Sports writer explains the art of story telling

The room was buzzing with excitement as Sports Illustrated senior writer, Chris Ballard took the podium on Feb. 24 in Riley 201.

Ballard was introduced by associate professor of political science, Patrick Cottrell who, unknown to most, is a close friend to Ballard.

What made Ballard’s talk interesting was how it drew in a diverse range of students and faculty from the departments of mass communication, English, political science, business and sports management.

Ballard has written for Sports Illustrated for 15 years and in that time has also published four books.

He mentioned in the first part of his talk to not push off the power of revision. One of his articles went through the revision process 14 times.

Being a master of the written word, Ballard gave many helpful insights into what it takes to be a successful writer.

He emphasized that point of writing stories is, “to compel someone to feel something about someone or something.” He went on to say that as people, “we talk in stories.”

Many people think that what an athlete has done is the most interesting aspect of them. However, Ballard has found that the stories behind athletes are more interesting developing a personal connection with the readers.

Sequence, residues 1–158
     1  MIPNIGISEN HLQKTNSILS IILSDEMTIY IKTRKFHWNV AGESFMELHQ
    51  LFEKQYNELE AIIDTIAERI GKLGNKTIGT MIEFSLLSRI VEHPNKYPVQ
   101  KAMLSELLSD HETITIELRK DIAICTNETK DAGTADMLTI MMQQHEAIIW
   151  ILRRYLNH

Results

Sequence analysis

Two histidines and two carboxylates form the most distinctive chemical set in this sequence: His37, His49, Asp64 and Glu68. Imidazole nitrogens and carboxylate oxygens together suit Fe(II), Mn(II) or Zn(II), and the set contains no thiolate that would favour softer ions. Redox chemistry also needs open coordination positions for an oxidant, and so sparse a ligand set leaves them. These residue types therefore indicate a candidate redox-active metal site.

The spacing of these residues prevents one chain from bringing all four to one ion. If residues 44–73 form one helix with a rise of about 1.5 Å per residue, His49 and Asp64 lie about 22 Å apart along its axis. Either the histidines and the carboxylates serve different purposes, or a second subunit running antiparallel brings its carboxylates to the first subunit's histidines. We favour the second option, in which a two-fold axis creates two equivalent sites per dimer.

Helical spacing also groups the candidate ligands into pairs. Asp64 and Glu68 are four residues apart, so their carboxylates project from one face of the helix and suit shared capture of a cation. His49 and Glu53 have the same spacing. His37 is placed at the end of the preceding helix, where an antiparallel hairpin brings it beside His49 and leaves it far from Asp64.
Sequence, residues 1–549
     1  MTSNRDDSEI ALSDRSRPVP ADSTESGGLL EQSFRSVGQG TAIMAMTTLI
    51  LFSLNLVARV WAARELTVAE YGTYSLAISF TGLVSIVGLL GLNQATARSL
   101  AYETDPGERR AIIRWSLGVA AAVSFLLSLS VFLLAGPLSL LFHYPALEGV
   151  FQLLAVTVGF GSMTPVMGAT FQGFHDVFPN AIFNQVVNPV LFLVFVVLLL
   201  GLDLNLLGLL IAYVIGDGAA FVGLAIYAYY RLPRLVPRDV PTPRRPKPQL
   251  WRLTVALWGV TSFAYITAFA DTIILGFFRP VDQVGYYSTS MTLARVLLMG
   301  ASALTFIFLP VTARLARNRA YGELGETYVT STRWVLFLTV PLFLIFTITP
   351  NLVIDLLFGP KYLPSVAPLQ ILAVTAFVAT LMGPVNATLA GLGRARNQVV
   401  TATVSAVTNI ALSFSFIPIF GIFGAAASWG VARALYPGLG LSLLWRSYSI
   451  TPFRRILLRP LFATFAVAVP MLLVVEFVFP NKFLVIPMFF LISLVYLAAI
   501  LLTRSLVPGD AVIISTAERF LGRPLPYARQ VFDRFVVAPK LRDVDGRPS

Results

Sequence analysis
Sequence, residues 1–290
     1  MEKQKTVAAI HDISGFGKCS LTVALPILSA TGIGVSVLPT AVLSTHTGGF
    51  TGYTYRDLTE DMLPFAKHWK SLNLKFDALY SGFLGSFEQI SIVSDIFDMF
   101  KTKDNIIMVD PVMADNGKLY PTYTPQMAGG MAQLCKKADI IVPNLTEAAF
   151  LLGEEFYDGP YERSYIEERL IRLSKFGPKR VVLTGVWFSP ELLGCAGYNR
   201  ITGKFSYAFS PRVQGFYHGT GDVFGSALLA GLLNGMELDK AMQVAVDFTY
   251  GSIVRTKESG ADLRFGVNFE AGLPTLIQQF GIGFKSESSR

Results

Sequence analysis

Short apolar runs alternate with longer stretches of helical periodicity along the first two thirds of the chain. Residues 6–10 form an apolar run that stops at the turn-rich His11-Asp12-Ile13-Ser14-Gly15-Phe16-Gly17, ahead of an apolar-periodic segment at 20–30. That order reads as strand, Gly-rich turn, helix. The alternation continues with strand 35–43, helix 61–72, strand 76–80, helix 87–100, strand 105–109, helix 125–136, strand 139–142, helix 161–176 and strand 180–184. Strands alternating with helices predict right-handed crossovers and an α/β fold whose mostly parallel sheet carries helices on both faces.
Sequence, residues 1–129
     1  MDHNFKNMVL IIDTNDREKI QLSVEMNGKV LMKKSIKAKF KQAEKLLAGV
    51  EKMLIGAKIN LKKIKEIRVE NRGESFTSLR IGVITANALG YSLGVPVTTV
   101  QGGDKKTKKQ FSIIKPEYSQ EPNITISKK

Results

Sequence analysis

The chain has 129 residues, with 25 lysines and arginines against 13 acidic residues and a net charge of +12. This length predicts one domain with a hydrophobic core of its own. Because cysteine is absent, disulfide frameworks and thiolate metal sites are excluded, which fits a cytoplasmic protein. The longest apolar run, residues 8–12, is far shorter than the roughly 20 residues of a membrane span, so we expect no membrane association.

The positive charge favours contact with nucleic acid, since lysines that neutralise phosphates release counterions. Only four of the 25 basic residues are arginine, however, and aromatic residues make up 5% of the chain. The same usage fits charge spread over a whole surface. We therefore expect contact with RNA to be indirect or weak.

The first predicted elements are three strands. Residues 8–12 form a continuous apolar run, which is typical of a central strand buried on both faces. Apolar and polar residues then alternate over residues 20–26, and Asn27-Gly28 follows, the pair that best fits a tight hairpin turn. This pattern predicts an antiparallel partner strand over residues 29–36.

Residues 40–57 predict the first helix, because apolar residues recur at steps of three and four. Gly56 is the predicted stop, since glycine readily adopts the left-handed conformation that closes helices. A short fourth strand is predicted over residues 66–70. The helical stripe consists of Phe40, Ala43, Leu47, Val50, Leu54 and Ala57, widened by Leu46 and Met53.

He also mentioned, for a story to be successful, whether it’s told written or visually, it must be compelling and include a conflict.

Ballard used the film, “Argo” to depict how a story is compelling to viewers. He explained how viewers knew the Americans would make it out of Tehran, but what made the movie successful was the multiple plots that gripped viewers.

Ballard also gave four steps to write a good narrative.

The first step is to come up with an idea if there isn’t something to write about.

Second is to notice themes and ideas that reveal more about something and expand on that.

Third is to decide the structure of the story, moreover how you want to write it.

Lastly, is to choose a writing style that sets up the story to be compelling.

Interviewing people for stories isn’t an easy task no matter your experience level.

Ballard explained to, “always try and see things through their eyes,” and decides what makes them genuine.

In a story, readers should always be able to decide what humanistic quality it encompasses. Examples in stories include themes of love, triumph, heroism, strength etc.

Ballard mentioned that if it is a good story, as a writer, you should be able to write in four sentences or less what the story is about.

He also explained that it’s important to find what helps you focus while you write. Find your own writing style, and stick with it.

Ballard is a firm believer that, “as your life changes and develops, so does your writing.” He brought up the idea of “changing lenses” in the way that writers see things differently as they age.

Jonathan Williams / Opinion editor

Jonathan      Williams        can                 be                   reached        at                     linfieldreviewopinion@gmail.com.